Perhaps be might have heard some of our Lord's discoura ses, or he might even have witnessed some of the miracles he wrought, but he was certainly destitute of those private admonitions and instructions, the transfiguration, the ministration of aogels, the voice from heaven, he had never observed: these and many other advantages the apostles possessed, but they left to the penitent malefactor the sole honour of furnishing to the world an example of a faith uninfluenced by conditions, and a true, philosophic resignation to the will of God,
Curious Superstition in Edward the Third Reign. ABOUT the year 1350, in the reign of Edward III., the dreadful pestilence which had broken out in the North of Asia, and with a destroying course made its way through Europe, approached England. This plague was called The Black Death; and it truly deserved the name in England, where it has been said that nine out of ten persons were swept away by the awful calamity. This is probably
an exaggeration, though it is chronicled that there fell at Yarmouth above 7000 persons, and in Norwich more than 50,000. It is complained that the plague stripped the church of the priests. Law-suits and sessions of Parliament were suspended. The poor Jews were charged with the visitation, though it is difficult to conceive how they drew it down upon the country:
Lingard, the Roman Catholic writer of the History of England, thus describes the effects of the plague upon some men's minds:
* The piety of the age attributed this destructive visitation to the anger of the Almighty; but in speculating on the causes which provoked that anger, every writer seems to have been swayed by personal prejudices or local considerations. All, however, embraced the opportunity to inveigh against the prevailing extravagance of dress, the silk hoods and party-coloured coats of the men, their deep sleeves and narrow confined waists, the indecent shortness of their hose, and the ridiculous length of their pointed shoes, the bushy beard before and the tail of hair behind. Some bad even the temerity to extend their censure to the females, whom they affected to describe as having renounced the native modesty of their sex, to ape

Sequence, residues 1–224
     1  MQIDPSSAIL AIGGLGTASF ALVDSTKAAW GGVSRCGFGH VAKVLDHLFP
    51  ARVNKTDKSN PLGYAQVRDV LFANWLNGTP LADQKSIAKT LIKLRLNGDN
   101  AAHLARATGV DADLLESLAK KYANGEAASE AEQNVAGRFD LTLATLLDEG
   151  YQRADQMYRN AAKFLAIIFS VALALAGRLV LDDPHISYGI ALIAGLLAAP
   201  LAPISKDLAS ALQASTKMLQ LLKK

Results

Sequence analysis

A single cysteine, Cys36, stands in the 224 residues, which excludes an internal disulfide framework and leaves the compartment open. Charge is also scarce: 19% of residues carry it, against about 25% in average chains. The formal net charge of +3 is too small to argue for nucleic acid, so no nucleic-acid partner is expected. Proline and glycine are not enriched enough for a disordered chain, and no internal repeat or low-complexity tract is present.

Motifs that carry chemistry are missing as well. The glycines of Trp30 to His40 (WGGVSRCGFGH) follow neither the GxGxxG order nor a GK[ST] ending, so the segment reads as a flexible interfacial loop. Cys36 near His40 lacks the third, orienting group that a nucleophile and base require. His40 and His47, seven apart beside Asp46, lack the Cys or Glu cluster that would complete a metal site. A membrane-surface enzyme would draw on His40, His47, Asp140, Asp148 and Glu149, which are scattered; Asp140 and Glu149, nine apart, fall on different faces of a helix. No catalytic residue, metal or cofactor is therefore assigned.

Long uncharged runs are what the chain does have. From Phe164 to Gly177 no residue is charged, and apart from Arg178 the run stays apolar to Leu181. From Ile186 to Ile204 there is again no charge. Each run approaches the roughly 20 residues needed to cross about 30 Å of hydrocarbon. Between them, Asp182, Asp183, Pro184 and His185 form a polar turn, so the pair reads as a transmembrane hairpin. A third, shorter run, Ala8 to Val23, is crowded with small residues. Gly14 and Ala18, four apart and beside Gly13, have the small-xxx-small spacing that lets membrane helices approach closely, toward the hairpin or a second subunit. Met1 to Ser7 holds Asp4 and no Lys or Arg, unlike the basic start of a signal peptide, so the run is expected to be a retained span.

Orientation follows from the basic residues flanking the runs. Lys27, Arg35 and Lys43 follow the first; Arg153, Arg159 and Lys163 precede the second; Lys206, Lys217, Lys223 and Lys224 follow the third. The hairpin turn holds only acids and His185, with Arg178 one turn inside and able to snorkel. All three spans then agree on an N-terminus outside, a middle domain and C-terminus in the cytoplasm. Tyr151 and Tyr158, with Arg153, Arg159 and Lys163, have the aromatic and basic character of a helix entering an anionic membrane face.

the manners and adopt in a great measure the dress of the men. No lady of distinction, if we may believe them, could now ride on a palfrey; she must be mounted on a spirited charger. Her head was encircled with a turban, or covered with a species of mitre of enormous height, from the summit of which ribbons floated in the air like the streamers from the head of a mast. Her tünie was half of one colour and half of another : a zone deeply embroidered and richly ornamented with gold, confined her waist, and from it were suspended in front two daggers in their respective pouches. Thus attired she rode in the company of her knight to justs and tournaments, partook of the different diversions of the men, and by her levity and indiscretion afforded food to the lovers and retailers of scandal. Whatever the reader
may think of these censures, he must be entertained with the descriptions.
“ But there is one discovery I must not omit, that of the fanatics denominated Flagellants or Whippers. It was their peculiar felicity not only to know that the mortality was sent in punishment of sin, but to be in possession of the only means by which the remission of sin could be